Fendi Couture’s poetic Orphic vision
today Jul 4, 2018
Just when you thought you were going to drown in a sea of fawning bloggers, hyper indulgent technique, overblown spectacle and conservative homages to fashion houses’ DNA, along came Karl Lagerfeld and Silvia Fendi to make us finally dream.
Precisely by breaking new boundaries, and reinventing the wheel at Fendi, with the goal of creating a new fashion paradigm at the most famous fur brand in the world. And injecting a little much-needed poetry into couture.
“You may not believe this, but 80% of these clothes were not even made of fur,” trumpeted Karl Lagerfeld in the backstage of the Palais Brongniart, France’s former stock exchange.
Inspired by the Orphic Cubism art movement with its obsession with geometric patterns and bright abstraction, the collection had a wonderful artistic bent – seen in the remarkable circular motifs that covered many stunning coats.
“Actually that was made of shearling,” Silvia Fendi politely corrected one enquiring editor at the backstage look-board, pointing to a to-die-for honey-colored coat with the famed multiple circles pioneered by Czech painter František Kupka, which had to be made of mink, but no, it was actually made of shearling.
A remarkable multicolored coat that recalled Robert Delaunay’s vertical abstract architecture paintings seemed certain to have been made of shearling but was in fact organza; a truly opulent black astrakhan broad-shoulder coat that reeked class turned out to be velvet. While a stupendous abstract bolero with fringed wrap skirt that seemed to have stepped off a Sonia Delaunay painting was uncannily like leather but instead was in organza.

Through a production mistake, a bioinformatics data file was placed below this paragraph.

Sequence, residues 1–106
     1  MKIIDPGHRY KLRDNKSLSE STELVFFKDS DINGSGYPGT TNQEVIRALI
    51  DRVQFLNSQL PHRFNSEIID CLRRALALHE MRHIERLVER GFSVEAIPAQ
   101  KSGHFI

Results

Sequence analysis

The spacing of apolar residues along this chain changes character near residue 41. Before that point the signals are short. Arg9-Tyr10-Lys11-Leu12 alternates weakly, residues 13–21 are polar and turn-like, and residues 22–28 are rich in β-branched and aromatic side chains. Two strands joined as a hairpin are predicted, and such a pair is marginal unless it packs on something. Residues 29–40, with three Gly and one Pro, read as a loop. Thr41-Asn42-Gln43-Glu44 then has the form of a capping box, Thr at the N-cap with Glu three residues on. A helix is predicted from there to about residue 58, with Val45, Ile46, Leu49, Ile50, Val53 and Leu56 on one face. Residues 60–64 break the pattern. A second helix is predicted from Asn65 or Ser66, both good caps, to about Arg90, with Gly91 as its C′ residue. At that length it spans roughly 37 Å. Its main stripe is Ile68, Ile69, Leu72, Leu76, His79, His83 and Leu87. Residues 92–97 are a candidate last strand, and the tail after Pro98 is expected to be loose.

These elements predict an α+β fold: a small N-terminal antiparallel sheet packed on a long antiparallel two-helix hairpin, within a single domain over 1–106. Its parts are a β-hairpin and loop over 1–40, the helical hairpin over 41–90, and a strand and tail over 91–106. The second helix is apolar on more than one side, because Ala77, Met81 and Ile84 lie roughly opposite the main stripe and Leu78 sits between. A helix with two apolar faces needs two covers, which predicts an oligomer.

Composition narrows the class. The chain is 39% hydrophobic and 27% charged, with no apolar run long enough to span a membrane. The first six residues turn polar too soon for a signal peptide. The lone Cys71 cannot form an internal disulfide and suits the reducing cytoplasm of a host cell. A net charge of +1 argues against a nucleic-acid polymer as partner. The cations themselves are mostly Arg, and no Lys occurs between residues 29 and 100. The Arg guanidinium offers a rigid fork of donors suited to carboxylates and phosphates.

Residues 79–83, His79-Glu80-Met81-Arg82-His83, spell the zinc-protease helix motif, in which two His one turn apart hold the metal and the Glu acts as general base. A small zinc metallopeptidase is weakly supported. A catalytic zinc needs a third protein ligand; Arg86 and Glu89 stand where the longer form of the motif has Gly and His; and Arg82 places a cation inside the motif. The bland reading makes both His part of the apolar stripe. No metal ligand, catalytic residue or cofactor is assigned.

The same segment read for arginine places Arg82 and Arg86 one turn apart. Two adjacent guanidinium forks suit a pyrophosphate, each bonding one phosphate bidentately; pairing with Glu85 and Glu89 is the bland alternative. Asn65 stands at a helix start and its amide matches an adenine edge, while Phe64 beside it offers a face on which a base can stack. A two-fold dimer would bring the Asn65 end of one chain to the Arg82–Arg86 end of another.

Quite rightly, the collection was named Fendi Couture, as opposed to its previous more restrictive title, Fendi Fourrure.
All worn by a cast shod in multimedia Memphis meets Cubism shoes, with heels composed of Perspex, maple and horn.
Above and beyond the technique was the sheer refinement of the vision, its rarefied colors and its punchy gentility. A relief after a season which has swung between the technically audacious and the tired and formulaic.
The actual term, Orphism was invented by the great French poet Guillaume Apollinaire, who, however, would not have been impressed by the literary qualities of the show program, which invented the concept “waterfalls of Mongolian lamb.” Errr…
That said, the show was also a brilliant Paris debut for Fendi’s latest CEO Serge Brunschwig, who positively radiated contentment. Even if his two predecessors, Michael Burke and Pietro Beccari, were also both backstage to enjoy a little reflected glory.
“Absolutely sublime,” opined LVMH Chairman and Fendi’s ultimate owner Bernard Arnault, embracing Lagerfeld.
Asked about a recent opinion piece in the New York Times that LVMH, and rivals Kering and Richemont were all divesting themselves of smaller brands in their portfolios, in order to prepare for major new acquisitions, Arnault scoffed: “Boh! We haven’t sold very much. Listen, great brands are like great paintings, the smart thing is to hold on them!”
“Just like your designers?" suggested one editor.
“Exactly, just like great designers,” Arnault chuckled.
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